The vast majority of students at FGHS aren’t buying that lie. The following day they protested the sign by marching out of classes in a sign of solidarity with the Latino community. They know that Latino immigrants “believe in the importance of hard work” and are not the violent caricature Trump has made them out to be.

And, even more important, these students know deep in their bones that, whether immigrants come here legally or illegally, they are united with U.S. citizens in their common humanity. In religious language, it really doesn’t matter whether someone is here legally or illegally. What matters is that all people are united in sharing the image of God. That’s one reason that the Bible states, “The foreigner residing among you must be treated as your native-born. Love them as yourself…”

Showing solidarity with those who are often scapegoated by our culture is an amazing thing and I’m grateful for the students at FGHS for their witness. But something else happened that is equally amazing.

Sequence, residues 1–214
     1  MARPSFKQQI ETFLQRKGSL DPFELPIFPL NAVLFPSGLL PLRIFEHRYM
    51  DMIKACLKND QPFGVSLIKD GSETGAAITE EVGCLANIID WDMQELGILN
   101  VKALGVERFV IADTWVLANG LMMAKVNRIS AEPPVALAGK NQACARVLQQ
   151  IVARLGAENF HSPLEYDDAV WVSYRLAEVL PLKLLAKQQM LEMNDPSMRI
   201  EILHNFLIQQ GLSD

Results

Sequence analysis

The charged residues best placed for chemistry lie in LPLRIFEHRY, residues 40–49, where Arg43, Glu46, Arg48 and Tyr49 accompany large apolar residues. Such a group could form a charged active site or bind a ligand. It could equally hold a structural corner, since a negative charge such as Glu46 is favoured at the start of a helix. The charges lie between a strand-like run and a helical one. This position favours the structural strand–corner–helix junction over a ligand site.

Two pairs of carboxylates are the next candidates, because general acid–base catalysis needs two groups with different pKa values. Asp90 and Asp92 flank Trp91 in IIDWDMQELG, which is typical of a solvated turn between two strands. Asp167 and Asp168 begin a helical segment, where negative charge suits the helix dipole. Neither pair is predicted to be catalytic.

The student who posted the sign was “disciplined.” I’m not sure how he was disciplined, but he soon wrote a heartfelt apology. He stated that he doesn’t really want a wall, but he felt that his freedom of speech was threatened. So, he posted the sign in protest. He also stated that he didn’t realize how his words would harm his fellow students, that he has embarrassed his family, and he promised to learn more about the plight of immigrants.

Now, we could be cynical at this point. He could have been forced into making the apology by the administration, otherwise they would expel him. But the apology is very self-reflective. And I hope he is learning that with freedom comes responsibility. That is, when our freedom comes at the expense of another’s safety, it’s no longer freedom. It’s a form of slavery to a scapegoating “us vs them” mentality.